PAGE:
Population models form an essential tool to study the dynamics and characteristics of a population. They aim to represent the changes to the population structure over time in mathematical equations. All models, mathematical or otherwise are abstract representations of reality. According to Levins, modeling is a balancing act between three major parameters, generality, realism and precision.

Population models tend to characterize the general properties of the population and are idealized representations which ignore the existence of random variation among the members of the population.
These models are based on two patterns of growth of population namely exponential and geometric population growth patterns.

a. Exponential population growth assumes that populations grow in an exponential pattern. Individuals are added on a continuous scale to such populations. Bacteria and some kinds of insects fall into this group.
This is based on the Malthusian Principle which specifies the change in population density as
dN / dt = rN

The growth of population after t generations is given by the equation

N (t) = N (0) e rt

Where N (t) is the population density after t generations
N (0) is the initial population density
e is the base of natural logarithmic scale.
And r refers to the intrinsic rate of natural increase.

If r = 0 the population is stable. If r>0, then the population is found to be growing and if r<0, then the population will shrink and tend towards zero; i.e. they are facing extinction.
However, the second scenario where r>0 favoring unlimited growth of population is not true in nature. In natural ecosystems, the population growth is limited by other factors of the environment which clearly limits the population growth. In order to accommodate for these variations, a new model was proposed.

b. Geometric population growth models propose a geometric pattern of growth.
They describe the changes in populations across generations as a geometric increase in discrete intervals.
The population density after t+1 generation is defined by
N (t+1) = N (t) λ

Where 'λ' - geometric growth rate
This represents the proportional growth of population
If λ is 0.5 the population density gets reduced by 50 %. If λ is 1.5, the population density will increase by 50%. At λ=1, the population is considered to be stable.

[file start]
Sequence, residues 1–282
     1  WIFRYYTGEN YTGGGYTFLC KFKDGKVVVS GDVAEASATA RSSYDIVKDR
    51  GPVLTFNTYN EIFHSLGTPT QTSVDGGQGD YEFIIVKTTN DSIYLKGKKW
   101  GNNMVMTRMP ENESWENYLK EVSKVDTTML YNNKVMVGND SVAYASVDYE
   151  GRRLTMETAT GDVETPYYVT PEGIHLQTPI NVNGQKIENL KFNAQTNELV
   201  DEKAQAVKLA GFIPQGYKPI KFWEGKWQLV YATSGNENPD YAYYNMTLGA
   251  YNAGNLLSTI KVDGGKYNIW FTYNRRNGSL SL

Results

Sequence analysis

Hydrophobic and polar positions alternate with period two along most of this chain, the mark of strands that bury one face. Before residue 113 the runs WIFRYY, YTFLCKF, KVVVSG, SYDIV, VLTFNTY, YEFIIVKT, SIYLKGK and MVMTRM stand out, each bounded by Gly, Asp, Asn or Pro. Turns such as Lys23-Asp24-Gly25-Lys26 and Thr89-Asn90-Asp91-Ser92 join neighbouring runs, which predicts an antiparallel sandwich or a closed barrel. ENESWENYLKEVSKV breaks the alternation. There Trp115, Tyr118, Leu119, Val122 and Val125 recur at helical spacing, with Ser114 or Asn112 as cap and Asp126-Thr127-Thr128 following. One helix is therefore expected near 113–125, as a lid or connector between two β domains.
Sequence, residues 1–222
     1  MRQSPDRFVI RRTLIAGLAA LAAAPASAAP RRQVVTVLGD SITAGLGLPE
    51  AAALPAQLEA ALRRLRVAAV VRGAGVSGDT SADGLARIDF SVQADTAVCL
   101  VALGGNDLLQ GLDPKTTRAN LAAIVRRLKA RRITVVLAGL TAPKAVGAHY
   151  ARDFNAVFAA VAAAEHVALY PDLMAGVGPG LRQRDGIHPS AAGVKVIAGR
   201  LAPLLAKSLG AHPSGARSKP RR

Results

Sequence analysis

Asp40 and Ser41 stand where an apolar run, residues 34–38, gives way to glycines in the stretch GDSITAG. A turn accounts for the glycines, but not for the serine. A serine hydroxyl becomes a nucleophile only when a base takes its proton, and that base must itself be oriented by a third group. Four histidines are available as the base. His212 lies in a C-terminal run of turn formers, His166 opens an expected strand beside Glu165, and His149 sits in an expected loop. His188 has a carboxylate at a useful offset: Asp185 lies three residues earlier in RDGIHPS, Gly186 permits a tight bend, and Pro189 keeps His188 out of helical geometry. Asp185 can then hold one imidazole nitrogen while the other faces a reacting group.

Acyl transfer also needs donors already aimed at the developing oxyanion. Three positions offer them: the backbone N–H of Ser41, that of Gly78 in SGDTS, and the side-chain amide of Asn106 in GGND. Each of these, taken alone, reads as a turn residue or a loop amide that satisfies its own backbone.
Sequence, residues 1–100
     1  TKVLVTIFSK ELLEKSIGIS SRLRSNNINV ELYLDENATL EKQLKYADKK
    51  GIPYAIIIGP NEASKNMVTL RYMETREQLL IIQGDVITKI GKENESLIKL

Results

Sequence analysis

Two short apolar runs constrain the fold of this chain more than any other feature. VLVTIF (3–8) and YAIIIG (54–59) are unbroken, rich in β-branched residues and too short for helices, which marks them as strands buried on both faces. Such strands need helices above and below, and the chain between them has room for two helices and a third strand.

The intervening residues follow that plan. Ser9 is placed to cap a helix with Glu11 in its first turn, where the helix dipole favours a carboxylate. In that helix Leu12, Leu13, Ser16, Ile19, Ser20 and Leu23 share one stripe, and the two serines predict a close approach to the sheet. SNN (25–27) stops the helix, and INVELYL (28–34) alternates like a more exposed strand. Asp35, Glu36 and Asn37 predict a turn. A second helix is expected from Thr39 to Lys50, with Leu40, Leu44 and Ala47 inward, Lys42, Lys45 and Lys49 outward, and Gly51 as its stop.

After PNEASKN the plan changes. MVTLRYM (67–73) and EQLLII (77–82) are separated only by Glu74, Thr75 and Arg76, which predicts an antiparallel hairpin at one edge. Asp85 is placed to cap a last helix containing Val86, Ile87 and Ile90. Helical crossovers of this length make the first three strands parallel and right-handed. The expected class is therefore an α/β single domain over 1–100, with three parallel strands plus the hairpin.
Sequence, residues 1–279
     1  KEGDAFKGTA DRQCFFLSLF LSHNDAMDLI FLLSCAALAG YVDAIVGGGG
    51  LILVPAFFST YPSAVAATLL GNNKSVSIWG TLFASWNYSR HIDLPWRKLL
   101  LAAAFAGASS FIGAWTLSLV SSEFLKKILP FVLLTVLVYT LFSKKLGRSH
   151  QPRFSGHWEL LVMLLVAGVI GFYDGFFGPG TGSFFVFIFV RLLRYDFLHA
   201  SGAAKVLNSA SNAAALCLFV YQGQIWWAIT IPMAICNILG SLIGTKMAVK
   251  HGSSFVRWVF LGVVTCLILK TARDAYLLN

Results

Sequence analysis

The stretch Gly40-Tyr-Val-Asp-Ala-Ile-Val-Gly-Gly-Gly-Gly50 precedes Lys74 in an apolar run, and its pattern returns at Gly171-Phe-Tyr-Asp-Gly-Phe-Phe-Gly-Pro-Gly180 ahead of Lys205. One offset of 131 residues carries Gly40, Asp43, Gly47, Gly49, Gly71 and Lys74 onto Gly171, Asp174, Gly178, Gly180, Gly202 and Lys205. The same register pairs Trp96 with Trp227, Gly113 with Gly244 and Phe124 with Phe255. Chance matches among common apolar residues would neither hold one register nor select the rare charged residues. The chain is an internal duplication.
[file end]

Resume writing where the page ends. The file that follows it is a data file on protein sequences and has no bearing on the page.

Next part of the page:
The equation can also be represented as
N (t) = N (0)λ t

Where N (0) represents the initial population density.

When the equation is compared with that of exponential growth, we get the relation between geometric and exponential growth rates of population

As λ = er
Or ln λ = r

BIDE model

Geometric population growth rate is a derivative of this fundamental model and hence the two cannot be considered as separate.
There are four ways in which a population size can be altered, birth (B), death (D), immigration (I) and emigration (E). The change in population size is represented as

Δ N = B + I - D - E

Population size after t+1 generation is described as
N t+1 = Nt +Bt +It- Dt -Et

Closed populations does not have immigration or emigration, hence the equation is limited to rates of birth and death in such populations.
Here, It = 0 and Et = 0, and

N t+1 = Nt +Bt - Dt

When the birth and death rates are expressed as per capita rates the accuracy increases.
N t+1 = Nt +bt Nt - dt Nt

N t+1 = Nt + (bt- dt) Nt

Per capita rates are assumed to be constant over generations and this equation thus gives the geometric rate of growth. The difference b-d can be represented as a constant R, since b and d are assumed to be constants,

N t+1 = (1 +( bt- dt)) Nt
Hence, N t+1 = (1 +R) Nt

And N t+1 = λ Nt λ = 1+R

The difference between R, r and lambda is in the biological realm. It determines the type of reproduction in the population (either pulse or continuous), and survival rates (instantaneous or finite)

c. Logistic model

This model was developed by Verhulst in 1838 after the exponential growth models failed to accurately represent the characteristics of the original population, especially at lower values of r.
The model was further developed by Pearl, earning the title Verhulst-Pearl model.

The differential equation is given by

dN/dt = kN (1-N/K)
where K- carrying capacity of the population and N is the population size.
When N is smaller than K, this reaches the exponential growth rates.